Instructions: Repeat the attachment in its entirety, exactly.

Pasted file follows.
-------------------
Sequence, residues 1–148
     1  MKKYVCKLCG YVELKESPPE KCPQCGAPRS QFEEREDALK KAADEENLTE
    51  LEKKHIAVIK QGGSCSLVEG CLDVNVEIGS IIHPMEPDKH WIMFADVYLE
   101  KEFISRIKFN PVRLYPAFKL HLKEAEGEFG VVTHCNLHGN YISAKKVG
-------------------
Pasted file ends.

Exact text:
Sequence, residues 1–148
     1  MKKYVCKLCG YVELKESPPE KCPQCGAPRS QFEEREDALK KAADEENLTE
    51  LEKKHIAVIK QGGSCSLVEG CLDVNVEIGS IIHPMEPDKH WIMFADVYLE
   101  KEFISRIKFN PVRLYPAFKL HLKEAEGEFG VVTHCNLHGN YISAKKVG